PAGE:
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Development of A New Instrument to Identify Microbial Genome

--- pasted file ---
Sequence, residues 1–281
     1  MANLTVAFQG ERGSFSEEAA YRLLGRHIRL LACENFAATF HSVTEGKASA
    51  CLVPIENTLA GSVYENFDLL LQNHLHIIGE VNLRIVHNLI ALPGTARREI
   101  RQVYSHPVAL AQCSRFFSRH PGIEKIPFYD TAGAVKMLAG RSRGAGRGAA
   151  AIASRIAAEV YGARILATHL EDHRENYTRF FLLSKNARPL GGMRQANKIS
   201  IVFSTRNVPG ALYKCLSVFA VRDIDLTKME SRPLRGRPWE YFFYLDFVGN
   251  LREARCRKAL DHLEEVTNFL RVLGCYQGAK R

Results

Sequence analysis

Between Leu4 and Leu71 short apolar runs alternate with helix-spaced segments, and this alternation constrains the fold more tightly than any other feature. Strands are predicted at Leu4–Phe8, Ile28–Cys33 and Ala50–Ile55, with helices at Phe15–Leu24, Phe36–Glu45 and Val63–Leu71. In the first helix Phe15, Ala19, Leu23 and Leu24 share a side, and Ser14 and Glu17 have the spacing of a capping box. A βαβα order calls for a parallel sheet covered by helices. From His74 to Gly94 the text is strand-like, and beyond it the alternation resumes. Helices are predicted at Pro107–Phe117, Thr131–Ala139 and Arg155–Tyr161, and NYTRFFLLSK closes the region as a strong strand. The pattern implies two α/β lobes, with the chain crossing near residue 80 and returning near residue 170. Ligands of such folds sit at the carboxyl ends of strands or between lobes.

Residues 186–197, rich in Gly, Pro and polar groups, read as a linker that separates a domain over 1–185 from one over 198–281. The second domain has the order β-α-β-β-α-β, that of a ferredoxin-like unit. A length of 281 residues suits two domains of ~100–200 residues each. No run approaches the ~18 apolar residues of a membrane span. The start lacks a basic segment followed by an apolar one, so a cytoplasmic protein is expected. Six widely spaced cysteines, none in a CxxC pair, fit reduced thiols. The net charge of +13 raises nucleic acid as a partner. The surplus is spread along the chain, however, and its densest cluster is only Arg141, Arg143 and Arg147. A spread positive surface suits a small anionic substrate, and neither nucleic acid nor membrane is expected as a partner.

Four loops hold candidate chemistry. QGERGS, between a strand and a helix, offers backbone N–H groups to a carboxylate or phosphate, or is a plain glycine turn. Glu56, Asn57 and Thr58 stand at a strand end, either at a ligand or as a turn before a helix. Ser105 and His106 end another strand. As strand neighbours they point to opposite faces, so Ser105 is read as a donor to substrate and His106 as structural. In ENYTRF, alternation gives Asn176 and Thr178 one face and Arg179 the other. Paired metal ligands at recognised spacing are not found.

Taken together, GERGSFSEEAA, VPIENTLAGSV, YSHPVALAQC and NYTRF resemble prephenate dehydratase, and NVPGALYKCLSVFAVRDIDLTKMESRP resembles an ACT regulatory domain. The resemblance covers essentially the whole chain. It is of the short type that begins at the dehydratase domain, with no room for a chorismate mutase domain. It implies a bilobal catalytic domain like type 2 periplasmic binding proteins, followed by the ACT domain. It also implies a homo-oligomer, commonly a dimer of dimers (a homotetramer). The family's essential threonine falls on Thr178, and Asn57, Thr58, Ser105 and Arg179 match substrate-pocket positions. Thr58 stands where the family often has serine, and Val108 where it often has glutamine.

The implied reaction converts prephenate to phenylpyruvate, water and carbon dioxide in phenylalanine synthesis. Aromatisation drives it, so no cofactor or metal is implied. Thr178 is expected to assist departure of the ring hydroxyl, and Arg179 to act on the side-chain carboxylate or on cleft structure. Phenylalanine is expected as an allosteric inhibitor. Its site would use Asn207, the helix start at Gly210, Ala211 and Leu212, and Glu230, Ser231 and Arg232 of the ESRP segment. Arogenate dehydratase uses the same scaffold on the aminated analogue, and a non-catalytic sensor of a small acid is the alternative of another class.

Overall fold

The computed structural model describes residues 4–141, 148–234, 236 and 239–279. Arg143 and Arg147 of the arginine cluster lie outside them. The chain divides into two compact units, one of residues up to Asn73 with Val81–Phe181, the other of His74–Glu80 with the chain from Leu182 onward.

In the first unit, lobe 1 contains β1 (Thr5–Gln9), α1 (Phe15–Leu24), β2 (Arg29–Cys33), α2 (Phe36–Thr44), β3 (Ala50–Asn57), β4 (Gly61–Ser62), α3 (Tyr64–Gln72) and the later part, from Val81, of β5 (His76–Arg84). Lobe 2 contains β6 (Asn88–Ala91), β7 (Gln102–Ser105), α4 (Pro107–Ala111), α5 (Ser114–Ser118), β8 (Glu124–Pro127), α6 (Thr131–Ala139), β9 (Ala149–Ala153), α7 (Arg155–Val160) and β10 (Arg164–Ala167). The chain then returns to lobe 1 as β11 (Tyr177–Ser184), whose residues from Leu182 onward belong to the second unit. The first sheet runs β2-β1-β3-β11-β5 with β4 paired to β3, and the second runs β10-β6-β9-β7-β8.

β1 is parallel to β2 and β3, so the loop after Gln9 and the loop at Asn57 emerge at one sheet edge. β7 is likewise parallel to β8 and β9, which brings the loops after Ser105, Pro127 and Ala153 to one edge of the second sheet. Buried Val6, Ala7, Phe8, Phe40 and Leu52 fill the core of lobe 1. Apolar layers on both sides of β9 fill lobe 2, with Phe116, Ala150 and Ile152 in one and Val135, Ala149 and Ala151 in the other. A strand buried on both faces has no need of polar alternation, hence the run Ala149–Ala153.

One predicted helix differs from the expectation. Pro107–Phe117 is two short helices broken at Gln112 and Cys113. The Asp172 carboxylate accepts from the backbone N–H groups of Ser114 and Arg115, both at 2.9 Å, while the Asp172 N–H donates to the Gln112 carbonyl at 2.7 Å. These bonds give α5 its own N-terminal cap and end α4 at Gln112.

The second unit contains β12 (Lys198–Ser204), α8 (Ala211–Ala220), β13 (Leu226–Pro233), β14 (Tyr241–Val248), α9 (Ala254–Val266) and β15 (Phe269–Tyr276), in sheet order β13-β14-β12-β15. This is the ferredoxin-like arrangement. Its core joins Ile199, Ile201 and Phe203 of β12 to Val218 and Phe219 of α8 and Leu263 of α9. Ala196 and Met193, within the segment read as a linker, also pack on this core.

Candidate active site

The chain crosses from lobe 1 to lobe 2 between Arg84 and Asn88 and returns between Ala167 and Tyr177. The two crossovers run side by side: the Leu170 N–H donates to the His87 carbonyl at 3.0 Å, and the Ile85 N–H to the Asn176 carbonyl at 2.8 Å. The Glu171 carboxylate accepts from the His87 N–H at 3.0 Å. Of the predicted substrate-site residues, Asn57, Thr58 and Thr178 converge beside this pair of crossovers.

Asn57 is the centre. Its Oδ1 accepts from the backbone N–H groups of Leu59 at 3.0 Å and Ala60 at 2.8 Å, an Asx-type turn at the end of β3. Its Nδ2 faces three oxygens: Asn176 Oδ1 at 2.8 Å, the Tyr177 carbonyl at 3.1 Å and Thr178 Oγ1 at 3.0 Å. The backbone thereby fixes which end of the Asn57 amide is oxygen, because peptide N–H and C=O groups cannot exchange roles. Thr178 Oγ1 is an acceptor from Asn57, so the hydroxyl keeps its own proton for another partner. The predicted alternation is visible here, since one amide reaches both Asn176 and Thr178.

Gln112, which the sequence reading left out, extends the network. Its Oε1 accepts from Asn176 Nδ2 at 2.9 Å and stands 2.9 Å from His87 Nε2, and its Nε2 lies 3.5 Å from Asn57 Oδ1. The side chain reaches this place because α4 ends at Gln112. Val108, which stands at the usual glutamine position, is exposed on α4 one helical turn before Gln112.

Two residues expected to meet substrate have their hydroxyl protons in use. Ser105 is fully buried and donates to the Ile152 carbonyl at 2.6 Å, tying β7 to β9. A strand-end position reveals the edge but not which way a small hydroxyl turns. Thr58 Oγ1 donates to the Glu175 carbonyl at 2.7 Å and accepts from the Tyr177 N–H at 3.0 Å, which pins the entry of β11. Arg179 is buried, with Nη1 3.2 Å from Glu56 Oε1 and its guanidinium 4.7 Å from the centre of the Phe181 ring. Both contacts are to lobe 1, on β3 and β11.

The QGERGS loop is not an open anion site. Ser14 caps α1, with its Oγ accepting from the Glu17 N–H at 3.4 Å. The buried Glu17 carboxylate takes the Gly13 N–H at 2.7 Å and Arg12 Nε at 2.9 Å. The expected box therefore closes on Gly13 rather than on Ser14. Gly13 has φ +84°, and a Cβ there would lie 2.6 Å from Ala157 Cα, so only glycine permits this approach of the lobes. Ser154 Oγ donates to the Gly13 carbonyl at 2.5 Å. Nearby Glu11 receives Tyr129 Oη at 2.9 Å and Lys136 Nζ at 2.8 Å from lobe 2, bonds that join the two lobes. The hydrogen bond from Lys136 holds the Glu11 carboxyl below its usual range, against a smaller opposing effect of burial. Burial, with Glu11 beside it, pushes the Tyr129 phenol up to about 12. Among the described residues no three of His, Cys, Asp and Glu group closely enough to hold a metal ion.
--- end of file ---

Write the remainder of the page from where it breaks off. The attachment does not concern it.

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Rapid identification and tracing the origin of pathogenic bacteria are imperative in response to a bioterrorist attack or an infectious disease outbreak. Pulsed-Field Gel Electrophoresis (PFGE) fingerprinting is frequently used for these tasks, particularly for tracing bacterium origins. However, the short fragment bands are lost in PFGE when extended separation times are used to resolve the long DNA molecules, thus reduce the detection specificity, because the lengths of the short fragments provide additional genotype information that could be critical to discriminate two similar genomes. Another drawback of PFGE is that the electrophoresis is too slow. In a rapid (24-hour) PFGE method the electrophoresis takes 14-18 hours. Additionally, the intra- and inter-laboratory reproducibility of PFGE also needs to be improved. Although diverse approaches such as entropic traps and DNA prisms have been explored for DNA separations, none have thus far been practically utilized. We have recently discovered a new and efficient technique to resolve broad size ranges of DNA molecules. In this application we propose to construct a novel instrument to demonstrate the proof-of-principle of this new technique for high-speed and accurate microbial identification.
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